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Insurance help for those with criminal convictions


Getting insurance with a criminal record can be difficult. Here's what to expect if you're looking to get covered with a conviction. 

crown court

A criminal record can push up the cost of car insurance even if the crime in question has nothing to do with the type of cover being sought.

The Association of British Insurers (ABI) has teamed up with UNLOCK (the National Association of Reformed Offenders) to publish guidelines to help ex-offenders who are trying to buy a wide range of policies.

When you apply for cover such as or car insurance, for example, the law states that you have to disclose any unspent convictions, or ongoing prosecutions.

It does not necessarily matter what the conviction was for. But in many cases, those with criminal records are likely to face higher premiums or be turned down altogether.

ABI spokesman Nick Starling says: “We recognise that some people with criminal convictions may encounter difficulties when looking for insurance. Our guidelines have been produced to ensure that people with convictions get a fair deal when applying for insurance.”

Full disclosure

When you sign up to an insurance contract, you must disclose “all material facts”, even if you aren’t specifically asked about them.

Unspent criminal convictions (when the rehabilitation period related to your conviction has expired) fall under the definition of material facts, so you must tell your provider – and it’s a good idea to get written confirmation that they have been informed.

Insurers need to know about customers’ convictions, because these are one of the factors they use to assess risk, and set premiums.

A conviction can be spent provided the sentence imposed was less that two-and-a-half years, and if any rehabilitation period has elapsed.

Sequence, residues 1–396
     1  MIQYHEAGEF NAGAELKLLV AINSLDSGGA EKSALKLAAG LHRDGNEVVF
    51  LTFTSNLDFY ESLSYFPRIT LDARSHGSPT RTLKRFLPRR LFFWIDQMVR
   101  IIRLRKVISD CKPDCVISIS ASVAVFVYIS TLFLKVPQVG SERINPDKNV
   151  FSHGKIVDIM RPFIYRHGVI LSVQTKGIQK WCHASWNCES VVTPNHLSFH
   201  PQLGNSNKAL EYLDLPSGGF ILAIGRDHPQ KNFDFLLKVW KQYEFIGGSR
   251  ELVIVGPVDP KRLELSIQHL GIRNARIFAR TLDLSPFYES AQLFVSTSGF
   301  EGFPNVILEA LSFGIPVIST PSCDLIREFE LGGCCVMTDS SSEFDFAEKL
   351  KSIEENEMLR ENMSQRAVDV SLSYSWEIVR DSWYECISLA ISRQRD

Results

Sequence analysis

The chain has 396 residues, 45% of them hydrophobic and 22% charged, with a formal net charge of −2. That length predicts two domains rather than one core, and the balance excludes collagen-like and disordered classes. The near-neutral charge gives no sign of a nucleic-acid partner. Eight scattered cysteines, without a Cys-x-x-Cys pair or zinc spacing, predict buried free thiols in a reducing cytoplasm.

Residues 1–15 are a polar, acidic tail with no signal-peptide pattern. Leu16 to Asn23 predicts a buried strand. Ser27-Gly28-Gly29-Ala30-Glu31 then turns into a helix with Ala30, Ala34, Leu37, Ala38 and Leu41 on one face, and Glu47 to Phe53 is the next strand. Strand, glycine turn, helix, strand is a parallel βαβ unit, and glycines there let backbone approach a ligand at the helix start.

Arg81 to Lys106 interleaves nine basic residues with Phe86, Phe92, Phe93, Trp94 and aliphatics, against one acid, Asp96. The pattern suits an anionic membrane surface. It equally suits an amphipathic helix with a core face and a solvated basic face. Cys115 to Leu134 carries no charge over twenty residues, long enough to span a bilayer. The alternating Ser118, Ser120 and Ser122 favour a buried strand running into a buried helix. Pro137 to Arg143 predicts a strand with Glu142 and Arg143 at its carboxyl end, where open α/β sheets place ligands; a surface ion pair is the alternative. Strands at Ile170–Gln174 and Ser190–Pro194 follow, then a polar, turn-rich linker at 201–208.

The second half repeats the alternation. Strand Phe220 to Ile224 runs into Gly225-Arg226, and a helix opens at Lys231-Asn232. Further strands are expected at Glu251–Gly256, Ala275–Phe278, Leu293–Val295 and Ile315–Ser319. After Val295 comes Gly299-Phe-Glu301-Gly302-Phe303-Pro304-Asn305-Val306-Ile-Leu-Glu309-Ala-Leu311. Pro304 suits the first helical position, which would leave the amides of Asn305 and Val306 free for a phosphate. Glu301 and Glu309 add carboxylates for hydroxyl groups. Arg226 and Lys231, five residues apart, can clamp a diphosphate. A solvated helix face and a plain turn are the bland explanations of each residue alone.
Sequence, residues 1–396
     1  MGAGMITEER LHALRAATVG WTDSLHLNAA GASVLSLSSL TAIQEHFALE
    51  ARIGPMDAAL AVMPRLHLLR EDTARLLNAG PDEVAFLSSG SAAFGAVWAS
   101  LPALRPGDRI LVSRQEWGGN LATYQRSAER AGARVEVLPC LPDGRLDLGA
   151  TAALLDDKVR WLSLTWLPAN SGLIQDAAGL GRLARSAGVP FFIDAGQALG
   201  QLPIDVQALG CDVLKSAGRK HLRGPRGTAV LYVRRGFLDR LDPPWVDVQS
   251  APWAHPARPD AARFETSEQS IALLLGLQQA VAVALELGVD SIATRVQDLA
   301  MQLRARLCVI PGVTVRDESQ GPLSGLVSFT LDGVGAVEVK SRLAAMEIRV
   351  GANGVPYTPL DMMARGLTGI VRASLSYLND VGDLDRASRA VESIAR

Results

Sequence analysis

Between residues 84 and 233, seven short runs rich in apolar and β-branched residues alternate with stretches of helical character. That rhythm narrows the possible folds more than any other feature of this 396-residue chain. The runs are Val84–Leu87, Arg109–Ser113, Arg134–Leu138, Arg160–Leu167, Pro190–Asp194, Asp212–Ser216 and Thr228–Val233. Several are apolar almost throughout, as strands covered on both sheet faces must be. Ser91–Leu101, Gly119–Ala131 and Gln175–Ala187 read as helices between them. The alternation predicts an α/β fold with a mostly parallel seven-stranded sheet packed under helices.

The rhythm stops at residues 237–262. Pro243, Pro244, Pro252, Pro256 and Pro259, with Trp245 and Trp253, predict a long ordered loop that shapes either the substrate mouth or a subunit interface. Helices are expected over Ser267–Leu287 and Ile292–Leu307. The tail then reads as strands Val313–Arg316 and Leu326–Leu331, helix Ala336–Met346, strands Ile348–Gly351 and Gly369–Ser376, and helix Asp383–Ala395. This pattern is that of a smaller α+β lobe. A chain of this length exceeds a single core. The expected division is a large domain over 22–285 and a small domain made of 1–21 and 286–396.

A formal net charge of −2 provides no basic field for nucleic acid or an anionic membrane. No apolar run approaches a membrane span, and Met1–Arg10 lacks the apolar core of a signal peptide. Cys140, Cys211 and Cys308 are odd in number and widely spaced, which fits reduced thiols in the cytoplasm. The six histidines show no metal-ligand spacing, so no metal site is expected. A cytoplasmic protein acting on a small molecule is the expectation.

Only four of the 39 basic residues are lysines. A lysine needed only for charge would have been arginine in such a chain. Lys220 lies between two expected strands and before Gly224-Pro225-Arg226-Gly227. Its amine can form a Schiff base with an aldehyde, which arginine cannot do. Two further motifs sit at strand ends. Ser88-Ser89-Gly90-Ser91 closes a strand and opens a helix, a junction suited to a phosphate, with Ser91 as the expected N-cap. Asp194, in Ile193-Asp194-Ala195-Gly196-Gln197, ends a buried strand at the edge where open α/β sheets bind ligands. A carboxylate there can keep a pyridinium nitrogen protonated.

If you need to check whether a conviction has been spent or not, based on the Rehabilitation of Offenders Act, check the disclosure calculator from Unlock.

You do not need to disclose any conviction given during the course of a policy until it is up for renewal, unless the policy specifically states you must.

But what happens if you fail – for whatever reason – to disclose a conviction that you should have told your insurer about?

In such circumstances, the company could be entitled to cancel your policy or turn down a claim.

If this does happen to you, and you think the insurer has acted unfairly, you could make a complaint to the Financial Ombudsman. The ombudsman will look at your case to see if your failure to disclose was reckless or innocent, for example.

Insurers’ attitudes

The ABI says that providers’ approaches to insuring ex-offenders can vary hugely.

The new guide states: “Many mainstream insurers operate a blanket policy of not providing insurance to people with unspent convictions.

“However, a few providers may take a more positive approach in some circumstances. For example, some are less interested in non-motoring offences when applying for motor insurance.”

The ABI/UNLOCK guidelines spell out to insurers what good practice is in relation to dealing with those with convictions.

Firms should provide clear information about how they use criminal convictions; they should ask clear questions about previous offences during the application process; and they should offer cover to people with convictions and related offences wherever possible.

Failing that, they should help consumers find an alternative insurer.


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